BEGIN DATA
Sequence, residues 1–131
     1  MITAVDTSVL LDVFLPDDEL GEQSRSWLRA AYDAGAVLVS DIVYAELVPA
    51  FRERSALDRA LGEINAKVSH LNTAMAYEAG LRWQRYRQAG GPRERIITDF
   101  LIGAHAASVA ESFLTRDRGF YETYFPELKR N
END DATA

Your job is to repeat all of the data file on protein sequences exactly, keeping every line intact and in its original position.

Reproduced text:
Sequence, residues 1–131
     1  MITAVDTSVL LDVFLPDDEL GEQSRSWLRA AYDAGAVLVS DIVYAELVPA
    51  FRERSALDRA LGEINAKVSH LNTAMAYEAG LRWQRYRQAG GPRERIITDF
   101  LIGAHAASVA ESFLTRDRGF YETYFPELKR N